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2017 and the search for returns: the low-return imperative

How low will returns be in 2017?

We believe the search for returns in 2017 is not going to get any easier against a backdrop of high U.S. equity prices, narrow credit spreads and low bond yields.

The election of Donald Trump as U.S. president has thrown an extra element of uncertainty into our global economic outlook. We believe markets are assuming the new administration will have a policy mix that will boost growth, equities and the U.S. dollar (tempered modestly by recent presidential tweets), as well as push the U.S. Federal Reserve (Fed) into more rate hikes this year.

Yet, there are still uncertainties about the new president’s views. For example, some of his campaign comments about withdrawing from trade deals and imposing tariffs on China, if enacted, have the potential to send the global economy into a renewed downturn. The post-election optimism driving markets in late 2016 could quickly reverse.

The market environment is also creating huge challenges that necessitate change. Specifically, our 2017 capital markets forecasts in our annual Global Market Outlook are calling for very low returns across asset classes over the next seven to ten years.

The low-return-imperative

I believe that this challenging environment helps to create a simple low-return imperative for investors: When expected future market returns are likely to be lower than the required rate of return, we believe an investor cannot afford to ignore any investment strategy that may offer incremental return, take on risks they do not expect to get paid for or disregard implementation efficiency.

With this backdrop, we believe investors should respond in three ways:

  1. Diversify sources of returns
  2. Use a robust dynamic asset allocation process to guide tactical positioning
  3. Seek effective implementation capabilities.

Regarding diversification, investors may be wise to consider a multi-asset approach that includes exposures to a wide variety of return sources. The typical U.S. investor may have a home-country bias and, from our view, non-US equities look slightly cheaper. We also believe that, with reflation, having real estate, infrastructure and even a very small allocation to commodities may make sense.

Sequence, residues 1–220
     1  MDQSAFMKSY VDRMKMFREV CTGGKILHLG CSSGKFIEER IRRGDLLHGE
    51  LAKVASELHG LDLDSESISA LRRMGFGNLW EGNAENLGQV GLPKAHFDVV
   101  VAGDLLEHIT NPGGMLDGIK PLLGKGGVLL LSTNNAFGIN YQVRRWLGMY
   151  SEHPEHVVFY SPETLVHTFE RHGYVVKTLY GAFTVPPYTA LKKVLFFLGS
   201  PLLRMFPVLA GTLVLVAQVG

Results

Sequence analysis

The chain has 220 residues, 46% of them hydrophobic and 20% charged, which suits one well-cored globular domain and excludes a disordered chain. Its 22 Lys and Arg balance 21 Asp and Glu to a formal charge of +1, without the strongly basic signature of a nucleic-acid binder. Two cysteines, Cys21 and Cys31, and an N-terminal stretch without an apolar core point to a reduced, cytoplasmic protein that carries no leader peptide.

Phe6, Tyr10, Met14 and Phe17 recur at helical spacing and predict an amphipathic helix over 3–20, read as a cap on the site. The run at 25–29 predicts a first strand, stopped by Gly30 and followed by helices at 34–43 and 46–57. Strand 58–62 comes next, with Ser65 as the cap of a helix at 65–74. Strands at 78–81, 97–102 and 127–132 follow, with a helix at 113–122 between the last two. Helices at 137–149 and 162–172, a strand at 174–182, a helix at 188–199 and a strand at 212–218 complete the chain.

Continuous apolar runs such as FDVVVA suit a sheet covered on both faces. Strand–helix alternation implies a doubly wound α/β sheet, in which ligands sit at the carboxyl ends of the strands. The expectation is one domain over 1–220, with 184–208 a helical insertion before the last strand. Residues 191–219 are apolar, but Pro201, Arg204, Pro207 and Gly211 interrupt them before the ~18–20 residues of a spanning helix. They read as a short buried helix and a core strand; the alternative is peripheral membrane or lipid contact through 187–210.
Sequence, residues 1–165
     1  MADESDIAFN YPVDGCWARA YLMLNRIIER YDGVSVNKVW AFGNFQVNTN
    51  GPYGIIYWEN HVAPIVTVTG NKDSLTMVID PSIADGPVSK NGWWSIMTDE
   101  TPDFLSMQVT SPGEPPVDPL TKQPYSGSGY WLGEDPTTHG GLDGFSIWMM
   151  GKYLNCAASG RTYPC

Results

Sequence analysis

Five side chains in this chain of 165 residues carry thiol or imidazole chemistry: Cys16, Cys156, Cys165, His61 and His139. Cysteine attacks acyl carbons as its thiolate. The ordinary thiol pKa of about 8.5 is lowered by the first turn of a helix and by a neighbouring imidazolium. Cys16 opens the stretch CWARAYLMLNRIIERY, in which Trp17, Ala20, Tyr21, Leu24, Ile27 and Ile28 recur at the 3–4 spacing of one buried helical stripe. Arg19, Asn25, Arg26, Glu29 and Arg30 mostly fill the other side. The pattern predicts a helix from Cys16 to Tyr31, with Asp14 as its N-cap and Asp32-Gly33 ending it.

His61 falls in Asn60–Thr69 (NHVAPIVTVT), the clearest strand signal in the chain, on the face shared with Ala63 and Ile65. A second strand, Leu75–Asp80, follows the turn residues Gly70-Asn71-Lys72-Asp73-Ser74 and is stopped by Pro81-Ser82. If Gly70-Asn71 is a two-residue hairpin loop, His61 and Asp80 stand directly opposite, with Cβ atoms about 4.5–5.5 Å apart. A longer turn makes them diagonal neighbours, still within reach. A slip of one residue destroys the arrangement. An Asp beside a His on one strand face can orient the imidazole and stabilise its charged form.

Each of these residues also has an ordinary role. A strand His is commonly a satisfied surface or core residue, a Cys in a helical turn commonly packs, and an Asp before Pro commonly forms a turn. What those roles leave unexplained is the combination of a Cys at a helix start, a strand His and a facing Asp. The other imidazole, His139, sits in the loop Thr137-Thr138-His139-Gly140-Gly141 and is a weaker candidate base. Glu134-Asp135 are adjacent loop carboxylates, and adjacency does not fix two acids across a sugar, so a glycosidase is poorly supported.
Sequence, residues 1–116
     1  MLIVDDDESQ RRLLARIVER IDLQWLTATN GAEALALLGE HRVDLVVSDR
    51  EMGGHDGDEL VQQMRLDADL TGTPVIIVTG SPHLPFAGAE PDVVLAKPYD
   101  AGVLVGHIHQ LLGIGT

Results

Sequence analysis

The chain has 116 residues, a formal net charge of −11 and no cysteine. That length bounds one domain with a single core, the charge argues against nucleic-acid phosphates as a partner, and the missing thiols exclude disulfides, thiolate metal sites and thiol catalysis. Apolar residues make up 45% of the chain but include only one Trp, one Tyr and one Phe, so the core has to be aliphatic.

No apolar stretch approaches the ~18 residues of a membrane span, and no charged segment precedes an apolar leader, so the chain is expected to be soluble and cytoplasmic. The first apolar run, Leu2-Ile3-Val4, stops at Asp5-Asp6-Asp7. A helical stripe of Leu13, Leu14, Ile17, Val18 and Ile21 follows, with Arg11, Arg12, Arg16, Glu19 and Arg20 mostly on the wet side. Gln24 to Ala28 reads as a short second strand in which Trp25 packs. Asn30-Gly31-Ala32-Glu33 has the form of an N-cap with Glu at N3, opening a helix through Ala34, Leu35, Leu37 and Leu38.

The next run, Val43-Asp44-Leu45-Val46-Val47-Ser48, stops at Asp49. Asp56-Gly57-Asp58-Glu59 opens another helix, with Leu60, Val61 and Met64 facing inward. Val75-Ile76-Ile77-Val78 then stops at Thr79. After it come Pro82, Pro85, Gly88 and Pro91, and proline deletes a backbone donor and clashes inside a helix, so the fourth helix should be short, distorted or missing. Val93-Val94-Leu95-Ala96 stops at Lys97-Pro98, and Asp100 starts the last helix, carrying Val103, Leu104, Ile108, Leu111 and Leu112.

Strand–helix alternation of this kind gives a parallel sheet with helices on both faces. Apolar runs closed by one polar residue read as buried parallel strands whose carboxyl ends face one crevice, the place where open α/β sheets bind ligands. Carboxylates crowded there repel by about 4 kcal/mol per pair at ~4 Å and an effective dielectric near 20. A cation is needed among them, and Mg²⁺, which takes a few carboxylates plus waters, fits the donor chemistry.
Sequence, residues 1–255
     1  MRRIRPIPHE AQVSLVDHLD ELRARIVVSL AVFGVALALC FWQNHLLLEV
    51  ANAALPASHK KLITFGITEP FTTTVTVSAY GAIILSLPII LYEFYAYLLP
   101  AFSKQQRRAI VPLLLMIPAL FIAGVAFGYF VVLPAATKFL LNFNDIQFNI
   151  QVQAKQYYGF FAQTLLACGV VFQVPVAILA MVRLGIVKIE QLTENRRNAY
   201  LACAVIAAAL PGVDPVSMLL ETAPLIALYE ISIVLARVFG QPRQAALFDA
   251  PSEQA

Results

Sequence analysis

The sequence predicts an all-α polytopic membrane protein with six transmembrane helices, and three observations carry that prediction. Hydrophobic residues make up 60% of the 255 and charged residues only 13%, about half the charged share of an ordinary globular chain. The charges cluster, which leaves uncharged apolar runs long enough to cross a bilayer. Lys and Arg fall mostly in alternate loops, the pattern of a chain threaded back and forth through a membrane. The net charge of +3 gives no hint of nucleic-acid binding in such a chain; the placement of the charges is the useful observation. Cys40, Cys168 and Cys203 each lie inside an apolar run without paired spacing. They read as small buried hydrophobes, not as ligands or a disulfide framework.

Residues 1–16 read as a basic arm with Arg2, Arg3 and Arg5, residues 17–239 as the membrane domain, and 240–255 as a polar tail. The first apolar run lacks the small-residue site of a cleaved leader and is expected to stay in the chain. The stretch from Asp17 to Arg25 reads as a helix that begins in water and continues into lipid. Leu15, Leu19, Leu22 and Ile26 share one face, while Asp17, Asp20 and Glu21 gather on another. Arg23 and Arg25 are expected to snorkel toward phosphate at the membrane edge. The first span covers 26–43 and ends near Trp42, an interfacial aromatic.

In terms of dynamic asset allocation and tactical positioning, Russell Investments’ strategists are keeping a keen eye on opportunities in emerging markets. This asset class was hammered after the U.S. election on Nov. 8, 2016.1 However within this category we think there are opportunities in select countries’ equity, bond and currency markets. We also view value stocks as a reasonable overweight, despite that segment’s run in the second half of 2016.2 Niche strategies that also look attractive to our team include bank loans, which are less sensitive to rate increases, as well as select mortgage strategies that we expect will benefit from a buoyant housing market.

Finally, our team believes it’s important to manage downside risk and uses derivatives to employ some protection strategies that may help manage volatility.

And in terms of implementation, every basis point counts. It’s imperative that hedging strategies and turnover in portfolios are managed with precision. We believe investors should purposefully acknowledge the low return scenario they are likely to face over the next several years.

2017 offers few certainties and plenty of potential risks. If the low-return imperative describes your reality—if 2017’s expected market returns are lower than your required rate of return—then we encourage investors to consult financial experts on where else they might find returns, how they might help manage unrewarded risks and how they might help increase portfolio efficiency.


¹Source: Source: MSCI Emerging Markets Index, as of Nov. 25, 2016.
2Source: Russell 1000® Value Index